It was a great idea. Biology professor, Lyn Baldwin, created an assignment requiring her second- and third-year botany students to create an illustrated journal in lab. Yet when students told her their new drawing requirement made them uncomfortable, she needed to find a way to make them more comfortable with the drawing process.
To ease her students’ concerns, Baldwin partnered with Ila Crawford, a colleague in the Department of Visual and Performing Arts at Thompson Rivers University in British Columbia, Canada. Together they created a drawing tutorial and blended it into Baldwin’s botany course.
To relieve students of any anxiety that may stem from their “limited visual ability” (Baldwin & Crawford, 2010), the journal was pitched as “an exercise book in which you must practice looking at plants and recording what it is you see” (Baldwin & Crawford, 2010).
The drawing tutorial Baldwin and Crawford designed became the focus of the first two lab meetings. In the first week of lab, students were introduced to drawing techniques and drawing materials. They learned how to draw from observation, practiced contour drawings, learned how to sight and measure, and were introduced to media such as watercolor and pen and ink.
During the second lab, students evaluated each others work and shared their experiences with the drawing process. Student comments provided instructors with the opportunity to reinforce concepts and techniques introduced during the first meeting.
From this point forward, students worked in their journals on a weekly basis during their 3-hour botany lab. Students were assured that the quality of their observations mattered more than the quality of their drawings. Student journals were assessed using a rubric addressing an entry’s completeness, its presentation, and aesthetics. Of the 10 points possible for each lab, completeness was worth 6 points, presentation was worth 3 points, and aesthetics was worth 1 point. The rubric is included in Baldwin & Crawford (2010).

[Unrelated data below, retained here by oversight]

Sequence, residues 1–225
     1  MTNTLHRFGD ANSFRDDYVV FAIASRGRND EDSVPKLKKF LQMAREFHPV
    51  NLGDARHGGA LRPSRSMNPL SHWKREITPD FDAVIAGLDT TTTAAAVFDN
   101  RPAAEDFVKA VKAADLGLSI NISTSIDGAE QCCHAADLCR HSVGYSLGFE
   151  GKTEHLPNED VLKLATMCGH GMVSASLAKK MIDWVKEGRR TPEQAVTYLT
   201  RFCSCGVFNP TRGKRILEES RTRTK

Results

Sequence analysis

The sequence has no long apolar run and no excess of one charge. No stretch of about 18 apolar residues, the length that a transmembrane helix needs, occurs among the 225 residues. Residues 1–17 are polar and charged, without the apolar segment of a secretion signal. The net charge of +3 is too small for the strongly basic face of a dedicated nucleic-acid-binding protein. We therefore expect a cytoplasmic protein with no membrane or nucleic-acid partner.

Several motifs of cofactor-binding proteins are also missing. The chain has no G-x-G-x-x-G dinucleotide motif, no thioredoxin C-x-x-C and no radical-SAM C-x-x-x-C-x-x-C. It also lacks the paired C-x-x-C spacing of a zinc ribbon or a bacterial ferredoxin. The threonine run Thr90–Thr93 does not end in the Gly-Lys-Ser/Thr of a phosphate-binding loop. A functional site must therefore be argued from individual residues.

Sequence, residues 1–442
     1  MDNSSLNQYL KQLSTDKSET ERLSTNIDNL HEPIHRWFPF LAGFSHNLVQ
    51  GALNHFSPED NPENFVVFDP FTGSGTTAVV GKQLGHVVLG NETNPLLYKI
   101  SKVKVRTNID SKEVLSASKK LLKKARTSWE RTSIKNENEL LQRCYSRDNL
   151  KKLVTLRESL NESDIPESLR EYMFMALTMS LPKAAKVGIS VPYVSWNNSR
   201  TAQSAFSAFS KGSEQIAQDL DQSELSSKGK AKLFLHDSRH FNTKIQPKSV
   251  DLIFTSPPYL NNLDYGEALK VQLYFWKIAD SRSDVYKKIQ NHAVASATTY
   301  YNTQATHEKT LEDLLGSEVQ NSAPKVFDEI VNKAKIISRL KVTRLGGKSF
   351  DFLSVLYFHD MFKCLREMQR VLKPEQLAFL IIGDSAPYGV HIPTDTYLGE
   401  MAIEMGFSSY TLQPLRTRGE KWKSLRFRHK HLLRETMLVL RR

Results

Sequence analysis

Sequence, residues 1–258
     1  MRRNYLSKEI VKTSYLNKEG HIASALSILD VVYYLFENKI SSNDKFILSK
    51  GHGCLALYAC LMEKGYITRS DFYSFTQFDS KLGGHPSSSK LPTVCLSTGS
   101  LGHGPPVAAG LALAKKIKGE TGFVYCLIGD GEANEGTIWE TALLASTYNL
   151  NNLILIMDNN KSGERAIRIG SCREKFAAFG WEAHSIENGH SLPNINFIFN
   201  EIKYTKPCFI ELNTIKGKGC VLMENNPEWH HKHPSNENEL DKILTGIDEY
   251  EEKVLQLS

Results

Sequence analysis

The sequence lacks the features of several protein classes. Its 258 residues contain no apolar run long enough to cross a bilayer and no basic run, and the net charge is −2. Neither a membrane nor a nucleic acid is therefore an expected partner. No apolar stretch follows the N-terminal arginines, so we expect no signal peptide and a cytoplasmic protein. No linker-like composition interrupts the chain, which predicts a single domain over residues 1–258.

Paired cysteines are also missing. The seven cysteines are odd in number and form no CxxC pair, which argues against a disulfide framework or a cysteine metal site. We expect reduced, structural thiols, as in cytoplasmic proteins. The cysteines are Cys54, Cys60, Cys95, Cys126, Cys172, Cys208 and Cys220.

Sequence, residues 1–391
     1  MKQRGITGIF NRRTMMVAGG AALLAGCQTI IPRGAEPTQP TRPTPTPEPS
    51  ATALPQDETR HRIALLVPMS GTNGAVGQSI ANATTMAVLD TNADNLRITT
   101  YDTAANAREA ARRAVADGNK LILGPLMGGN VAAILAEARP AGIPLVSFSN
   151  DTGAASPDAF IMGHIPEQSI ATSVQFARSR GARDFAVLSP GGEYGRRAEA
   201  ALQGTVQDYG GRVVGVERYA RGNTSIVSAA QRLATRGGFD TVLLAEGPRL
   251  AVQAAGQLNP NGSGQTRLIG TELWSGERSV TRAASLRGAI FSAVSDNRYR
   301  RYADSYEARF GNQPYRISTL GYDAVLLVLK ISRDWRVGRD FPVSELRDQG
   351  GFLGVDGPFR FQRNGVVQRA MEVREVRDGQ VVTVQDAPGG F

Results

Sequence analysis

At the end of the school term, students provided feedback about the drawing tutorial and the illustrated journal assignment. Student comments indicate:
- The journal assignment had a positive impact on learning.
- Students became more aware of the morphological features found in plants.
- Students became more aware of their own learning.
- Drawing taught students to see and understand plants in a new way.
The positive feedback from students convinced Baldwin & Crawford that illustrated learning journals can complement traditional science activities. They especially praise their effectiveness in challenging students to become active learners instead of passive learners. They do make a special point in saying, however, that to effectively integrate drawing activities into a botany lab, instructors must provide continuous feedback. Baldwin’s students felt continuous feedback about their performance was very important.
Baldwin and Crawford are continuing their research and are collaborating on a project that will “relate the type of entries (visual vs. verbal, informational vs. reflective) students make in their learning journals and their achievement” in class (Baldwin & Crawford, 2010). Achievement will be measured using grades earned on quizzes, exams, and writing assignments.
Baldwin, Lyn and Ila Crawford. 2010. Art instruction in the botany lab: a collaborative approach. Journal of College Science Teaching, 40(2): 26-31.
A copy of this article can be purchased online from The National Science Teachers Association for 99¢.
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